The $10 billion Melbourne to Brisbane inland rail project is expected to transform regional industrial areas in Queensland, New South Wales and Victoria.
In an analysis of the Melbourne -- Brisbane inland rail project, Colliers International identified key benefits for the industrial property market.
Colliers' Malcom Tyson said the regions which are most likely to benefit from the completion of the Inland Rail are Darling Downs, Acacia Ridge and Bromelton in Queensland, Tottenham in Victoria and Parkes in New South Wales.
“We are likely to see increased activity along the Inland Rail route from the inter-capital freight users such as Linfox, CEVA Logistics, Toll Holdings, DB Schenker, DHL, Woolworths, Coles, GrainCorp, Bluescope and Visy," he said.
Tyson indicated that providers of intermodal transport and logistic hubs and industrial estates may also emerge to cater for the increased demand and relocation requirements from these users.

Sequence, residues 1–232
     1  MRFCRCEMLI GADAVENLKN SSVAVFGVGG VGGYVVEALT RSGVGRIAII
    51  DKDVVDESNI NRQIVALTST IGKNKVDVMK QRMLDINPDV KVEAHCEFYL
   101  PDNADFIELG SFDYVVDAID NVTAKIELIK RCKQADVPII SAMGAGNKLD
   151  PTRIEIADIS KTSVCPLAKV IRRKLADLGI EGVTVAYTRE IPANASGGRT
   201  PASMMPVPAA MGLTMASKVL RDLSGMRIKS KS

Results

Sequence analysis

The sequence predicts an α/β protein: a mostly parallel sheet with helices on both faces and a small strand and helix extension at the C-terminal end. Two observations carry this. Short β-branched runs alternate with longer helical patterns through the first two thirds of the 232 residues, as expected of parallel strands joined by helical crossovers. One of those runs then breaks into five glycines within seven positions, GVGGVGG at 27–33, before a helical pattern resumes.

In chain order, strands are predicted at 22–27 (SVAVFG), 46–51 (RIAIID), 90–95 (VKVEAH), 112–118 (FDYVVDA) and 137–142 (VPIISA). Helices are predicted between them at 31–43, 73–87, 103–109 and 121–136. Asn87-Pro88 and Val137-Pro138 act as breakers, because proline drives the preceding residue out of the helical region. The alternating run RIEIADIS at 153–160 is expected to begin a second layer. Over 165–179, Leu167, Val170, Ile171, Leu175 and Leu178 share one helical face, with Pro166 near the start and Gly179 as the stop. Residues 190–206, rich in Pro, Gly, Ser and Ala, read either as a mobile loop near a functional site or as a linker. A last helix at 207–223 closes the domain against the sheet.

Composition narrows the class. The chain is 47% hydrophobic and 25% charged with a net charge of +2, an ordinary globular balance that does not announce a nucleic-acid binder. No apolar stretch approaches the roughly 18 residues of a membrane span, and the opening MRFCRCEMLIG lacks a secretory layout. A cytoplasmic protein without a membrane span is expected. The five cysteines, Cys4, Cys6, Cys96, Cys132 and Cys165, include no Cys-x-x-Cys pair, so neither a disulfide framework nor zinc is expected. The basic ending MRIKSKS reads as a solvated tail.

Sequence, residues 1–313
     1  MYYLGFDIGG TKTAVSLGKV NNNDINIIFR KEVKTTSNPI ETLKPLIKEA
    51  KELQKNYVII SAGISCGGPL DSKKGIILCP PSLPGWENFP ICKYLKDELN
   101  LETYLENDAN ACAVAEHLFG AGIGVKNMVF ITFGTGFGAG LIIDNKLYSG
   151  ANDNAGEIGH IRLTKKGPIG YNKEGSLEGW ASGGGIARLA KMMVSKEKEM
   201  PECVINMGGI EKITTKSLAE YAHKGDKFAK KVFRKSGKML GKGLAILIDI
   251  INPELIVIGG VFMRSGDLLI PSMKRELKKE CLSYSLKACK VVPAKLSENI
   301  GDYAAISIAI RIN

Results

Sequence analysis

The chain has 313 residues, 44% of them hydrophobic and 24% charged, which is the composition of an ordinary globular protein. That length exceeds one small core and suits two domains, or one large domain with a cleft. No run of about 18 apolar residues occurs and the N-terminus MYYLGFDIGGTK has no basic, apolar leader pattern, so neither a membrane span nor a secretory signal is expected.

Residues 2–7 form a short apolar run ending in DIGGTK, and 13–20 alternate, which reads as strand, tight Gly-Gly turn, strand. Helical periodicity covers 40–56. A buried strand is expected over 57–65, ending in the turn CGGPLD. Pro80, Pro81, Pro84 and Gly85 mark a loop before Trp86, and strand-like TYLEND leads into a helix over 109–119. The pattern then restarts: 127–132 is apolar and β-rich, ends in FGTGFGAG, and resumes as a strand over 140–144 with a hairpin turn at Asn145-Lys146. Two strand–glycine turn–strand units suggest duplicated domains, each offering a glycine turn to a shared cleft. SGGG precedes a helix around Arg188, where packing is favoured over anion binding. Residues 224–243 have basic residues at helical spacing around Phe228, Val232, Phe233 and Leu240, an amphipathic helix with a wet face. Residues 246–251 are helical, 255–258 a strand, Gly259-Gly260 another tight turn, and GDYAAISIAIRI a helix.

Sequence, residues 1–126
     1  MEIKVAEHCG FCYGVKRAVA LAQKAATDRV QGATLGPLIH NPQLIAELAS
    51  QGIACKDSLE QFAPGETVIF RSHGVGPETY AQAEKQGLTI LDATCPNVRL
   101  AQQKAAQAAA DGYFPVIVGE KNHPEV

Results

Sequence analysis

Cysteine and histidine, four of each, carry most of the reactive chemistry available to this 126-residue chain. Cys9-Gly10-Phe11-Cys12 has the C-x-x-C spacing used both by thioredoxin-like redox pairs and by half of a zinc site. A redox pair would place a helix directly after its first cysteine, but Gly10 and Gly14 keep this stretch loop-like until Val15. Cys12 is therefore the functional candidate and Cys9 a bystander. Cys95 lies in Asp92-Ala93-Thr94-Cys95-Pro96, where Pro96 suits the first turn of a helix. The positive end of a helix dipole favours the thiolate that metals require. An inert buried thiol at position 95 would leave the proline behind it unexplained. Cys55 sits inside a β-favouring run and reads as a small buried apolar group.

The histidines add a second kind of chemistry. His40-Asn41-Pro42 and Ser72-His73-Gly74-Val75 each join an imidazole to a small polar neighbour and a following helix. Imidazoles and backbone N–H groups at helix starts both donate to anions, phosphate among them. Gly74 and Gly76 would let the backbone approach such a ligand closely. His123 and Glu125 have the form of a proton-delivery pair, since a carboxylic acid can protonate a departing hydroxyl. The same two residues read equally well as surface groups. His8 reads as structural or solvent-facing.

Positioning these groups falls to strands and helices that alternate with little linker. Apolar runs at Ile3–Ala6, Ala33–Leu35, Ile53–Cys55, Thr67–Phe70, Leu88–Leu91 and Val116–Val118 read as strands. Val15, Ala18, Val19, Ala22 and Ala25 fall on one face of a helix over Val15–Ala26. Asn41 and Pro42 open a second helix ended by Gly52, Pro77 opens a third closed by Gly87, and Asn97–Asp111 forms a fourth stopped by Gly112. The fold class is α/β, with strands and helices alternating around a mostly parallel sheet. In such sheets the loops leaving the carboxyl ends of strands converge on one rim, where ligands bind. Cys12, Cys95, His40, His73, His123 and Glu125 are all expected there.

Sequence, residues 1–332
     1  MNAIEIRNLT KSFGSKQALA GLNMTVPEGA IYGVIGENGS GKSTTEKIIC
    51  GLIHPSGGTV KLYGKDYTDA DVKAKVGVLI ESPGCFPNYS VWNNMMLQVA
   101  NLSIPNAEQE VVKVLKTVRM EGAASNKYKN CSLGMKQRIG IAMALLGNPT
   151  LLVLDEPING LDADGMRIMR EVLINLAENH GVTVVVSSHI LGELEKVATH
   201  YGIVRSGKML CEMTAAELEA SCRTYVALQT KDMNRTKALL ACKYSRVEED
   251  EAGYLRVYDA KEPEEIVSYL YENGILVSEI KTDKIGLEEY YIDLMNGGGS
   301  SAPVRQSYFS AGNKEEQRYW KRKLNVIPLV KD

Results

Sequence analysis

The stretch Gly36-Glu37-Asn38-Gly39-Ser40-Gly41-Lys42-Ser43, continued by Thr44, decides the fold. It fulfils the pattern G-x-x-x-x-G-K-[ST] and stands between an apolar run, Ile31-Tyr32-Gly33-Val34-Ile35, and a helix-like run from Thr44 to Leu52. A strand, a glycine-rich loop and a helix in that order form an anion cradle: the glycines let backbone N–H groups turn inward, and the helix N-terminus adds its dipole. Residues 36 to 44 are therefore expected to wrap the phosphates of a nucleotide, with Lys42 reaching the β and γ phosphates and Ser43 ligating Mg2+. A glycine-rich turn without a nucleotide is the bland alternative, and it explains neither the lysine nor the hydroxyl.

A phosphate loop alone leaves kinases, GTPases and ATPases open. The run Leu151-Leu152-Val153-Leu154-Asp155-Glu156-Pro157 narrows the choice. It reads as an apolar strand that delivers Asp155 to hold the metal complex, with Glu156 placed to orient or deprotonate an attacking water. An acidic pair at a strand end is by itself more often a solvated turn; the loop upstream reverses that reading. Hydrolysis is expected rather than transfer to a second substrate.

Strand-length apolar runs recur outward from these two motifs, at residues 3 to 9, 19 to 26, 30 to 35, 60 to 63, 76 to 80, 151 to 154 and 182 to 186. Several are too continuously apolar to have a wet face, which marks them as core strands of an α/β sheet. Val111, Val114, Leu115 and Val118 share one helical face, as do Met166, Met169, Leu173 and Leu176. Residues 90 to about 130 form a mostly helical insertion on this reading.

“These providers might fall into service industry sectors such as cold-store warehousing, grain and commodities storage, rail maintenance, container park, food processing facilities, freight handling facilities, distribution centres and inland container storage facilities.”
Colliers International's Matthew Frazer-Ryan pointed out the positive correlation between new infrastructure projects and associated uplift in industrial land value in a region.
“The importance of these projects to improve accessibility of freight to the area is also likely to positively impact on the potential rental value of the industrial property in the region," he said.
“Within Melbourne this has been evidenced during the CityLink Tulla Widening project (almost complete) and the beginning of the West Gate Tunnel project which has directly impacted on transport and logistic operators in the region and led to an uplift in values.
“In Brisbane, this was evident with the completion of the Gateway Upgrade completed in 2010 which saw land values in the Australia Trade Coast rise upon announcement of the project.
“Equivalently in Sydney, the Westlink M7 Motorway construction (between 2003 and 2005, opened to traffic in 2005) saw average annual land value growth in the M7 catchment area (suburbs of Blacktown, Moorebank, Smithfield, and Wetherill Park) of around 22 per cent over the three-year period," he said.
As a result, we would anticipate that as firms begin to look to these middle suburban ring and outer regional areas supported by the completion of the Inland Rail, stronger demand should lead to increasing land values and overall industrial property performance over the long-term."